“We’ve done thousands of hours of testing the Vector system alongside SRM cranks and PowerTap hubs,” says Andy Silver. “There are sometimes slight differences in the numbers given by the three different systems but they track one another consistently.”
Your computer can display your power measurements as you ride, of course, and also give you a left/right leg balance. The Vector system captures your power output throughout the pedal revolution so it will eventually be able to show how you’re applying your power during the stroke. That’ll be added as a simple software update in 2-3 months (see below).
Garmin are now offering software updates for using the Vector pedals with their Edge 500, 510, 800 and 810 bike computers, and also with their Forerunner 910XT multisports watch. All your power data will be stored for downloading later, just like your speed, distance, navigation information and so on.
Power metrics that the Vector records include:
• Left/right balance: average at various time intervals
• Power: average at various time intervals
• Training Stress Score
• Normalized power
• Intensity Factor
• Total power in watts
• Overall kilojoules
• Power zones
“We have a website specifically for Vector owners with installation videos showing people how to calibrate the units,” says Andy Silver. “There will also be an Updater app which you can download onto your PC or Mac. You just bring the pedals within 3-4m of the computer and run the app to update them.”
All the parts that are likely to wear are user replaceable – the pedal bodies, the pedal pods, the cleats – and you get a two-year warranty. That's a stainless steel wear plate across the centre of the pedal, by the way. You can also change the battery in each of the pods yourself. It's just a standard 2032 coin cell in there.
In terms of weight, here’s how the Vector system shapes up, according to the road.cc Scales of Truth:
• Pedals – 306g per pair
• Pedal pods - 46g per pair
• Cleats – 50g per pair
• Cleat washers and screws – 26g (total)
So, you have a weight-penalty of around 100g over a pair of non-power measuring pedals. The cleats are Look Kéo-style. Garmin say that they are open to the possibility of offering pedals that work with Shimano, Time or Speedplay-style cleats in the future. The technology would allow expansion to other platforms, but they've not made decisions on subsequent pedal developments yet.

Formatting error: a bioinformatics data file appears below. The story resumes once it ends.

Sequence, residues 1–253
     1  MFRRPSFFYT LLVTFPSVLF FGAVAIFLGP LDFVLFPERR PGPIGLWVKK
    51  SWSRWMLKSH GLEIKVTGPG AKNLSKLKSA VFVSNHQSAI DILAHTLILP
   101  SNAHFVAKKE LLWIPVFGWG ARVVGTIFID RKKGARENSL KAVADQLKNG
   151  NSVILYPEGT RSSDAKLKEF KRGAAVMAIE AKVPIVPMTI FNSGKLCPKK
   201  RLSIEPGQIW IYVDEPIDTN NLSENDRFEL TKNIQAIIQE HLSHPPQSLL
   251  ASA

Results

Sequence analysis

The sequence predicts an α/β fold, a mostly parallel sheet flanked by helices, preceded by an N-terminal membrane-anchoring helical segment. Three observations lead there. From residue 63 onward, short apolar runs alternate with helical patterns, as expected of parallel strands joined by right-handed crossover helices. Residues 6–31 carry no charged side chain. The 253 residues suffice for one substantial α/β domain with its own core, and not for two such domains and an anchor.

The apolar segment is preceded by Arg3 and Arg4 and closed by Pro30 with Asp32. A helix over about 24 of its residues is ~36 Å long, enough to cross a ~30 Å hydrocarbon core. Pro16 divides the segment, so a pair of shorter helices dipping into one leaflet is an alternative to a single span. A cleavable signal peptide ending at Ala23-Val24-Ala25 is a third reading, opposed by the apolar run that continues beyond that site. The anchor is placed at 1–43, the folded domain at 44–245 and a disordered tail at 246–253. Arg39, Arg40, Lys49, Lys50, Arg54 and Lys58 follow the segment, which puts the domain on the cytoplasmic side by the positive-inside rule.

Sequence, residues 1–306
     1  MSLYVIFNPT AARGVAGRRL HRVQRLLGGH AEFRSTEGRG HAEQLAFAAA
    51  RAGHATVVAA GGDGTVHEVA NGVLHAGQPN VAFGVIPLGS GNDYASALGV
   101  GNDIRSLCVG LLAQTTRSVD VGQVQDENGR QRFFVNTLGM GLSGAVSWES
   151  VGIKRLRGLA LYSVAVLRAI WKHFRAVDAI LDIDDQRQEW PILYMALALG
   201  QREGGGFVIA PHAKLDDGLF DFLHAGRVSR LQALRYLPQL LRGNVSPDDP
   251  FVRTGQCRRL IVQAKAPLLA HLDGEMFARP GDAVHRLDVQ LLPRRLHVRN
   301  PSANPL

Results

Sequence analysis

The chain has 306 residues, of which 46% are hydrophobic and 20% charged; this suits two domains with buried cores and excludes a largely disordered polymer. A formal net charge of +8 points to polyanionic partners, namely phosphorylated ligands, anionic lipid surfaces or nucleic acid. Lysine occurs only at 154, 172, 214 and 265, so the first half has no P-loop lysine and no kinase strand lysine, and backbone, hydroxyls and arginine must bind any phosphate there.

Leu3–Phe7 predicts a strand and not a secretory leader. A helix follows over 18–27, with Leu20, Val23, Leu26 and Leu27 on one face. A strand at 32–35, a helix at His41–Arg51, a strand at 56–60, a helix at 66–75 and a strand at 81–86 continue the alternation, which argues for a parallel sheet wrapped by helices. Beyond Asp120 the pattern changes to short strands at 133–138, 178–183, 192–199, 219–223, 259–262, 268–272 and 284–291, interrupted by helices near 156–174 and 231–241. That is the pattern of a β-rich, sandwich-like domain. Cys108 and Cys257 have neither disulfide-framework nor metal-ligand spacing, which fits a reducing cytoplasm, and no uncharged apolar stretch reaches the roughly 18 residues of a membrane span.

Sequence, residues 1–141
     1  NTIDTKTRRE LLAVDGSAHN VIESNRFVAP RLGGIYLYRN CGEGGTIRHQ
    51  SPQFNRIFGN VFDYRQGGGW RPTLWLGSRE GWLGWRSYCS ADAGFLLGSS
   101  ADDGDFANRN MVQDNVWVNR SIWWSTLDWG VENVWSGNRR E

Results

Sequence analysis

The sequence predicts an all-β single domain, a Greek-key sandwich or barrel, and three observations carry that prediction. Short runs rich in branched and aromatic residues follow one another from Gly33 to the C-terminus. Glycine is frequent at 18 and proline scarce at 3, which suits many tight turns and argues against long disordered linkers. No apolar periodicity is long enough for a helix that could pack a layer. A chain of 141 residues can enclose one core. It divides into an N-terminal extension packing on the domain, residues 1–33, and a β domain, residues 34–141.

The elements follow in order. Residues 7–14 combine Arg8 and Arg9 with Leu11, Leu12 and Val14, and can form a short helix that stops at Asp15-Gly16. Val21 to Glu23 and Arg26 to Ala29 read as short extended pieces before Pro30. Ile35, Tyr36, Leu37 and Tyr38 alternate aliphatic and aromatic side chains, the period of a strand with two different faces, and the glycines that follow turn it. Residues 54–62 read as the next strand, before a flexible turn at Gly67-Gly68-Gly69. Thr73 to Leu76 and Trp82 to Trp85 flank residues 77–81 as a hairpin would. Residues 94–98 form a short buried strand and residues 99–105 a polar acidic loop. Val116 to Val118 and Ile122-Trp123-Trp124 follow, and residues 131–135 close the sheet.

Here's Garmin's own promo video to give you the basic info...
When Garmin announced the Vector pedals back in 2011, the price was going to be £1,149, but the changes to the manufacturing process have pushed that up. They’re keen to point out, though, that their system is easily transferable from bike to bike – so you only have to shell-out once if you want power measurement on both a road bike and a time trial bike, for example.
Of course, a hub-based power-meter is easily swapped from bike to bike as long as you’re happy using the same rims too, and a crank-based system is transferable to some extent – but we take the point that a pedal system is highly convenient for moving between bikes.
Anyway, the merits of the various systems are a discussion for another time. We’re going to get out there and put some miles into the Vectors, and we’ll be back with a review on road.cc soon.
Mat has worked for more bike magazines than anyone else in the known universe, dating back to a time when this was all just fields. He's been road.cc technical editor for four years, testing bikes, fettling the latest kit, and trying out the most up-to-the-minute clothing. We send him off around the world to get all the news from launches and shows too. When he's not cycling around Wiltshire, he's running around it, or possibly swimming (sadly, he's one of those 'triathletes'). Mat is a youthful 42-year-old Cambridge graduate, GSOH etc.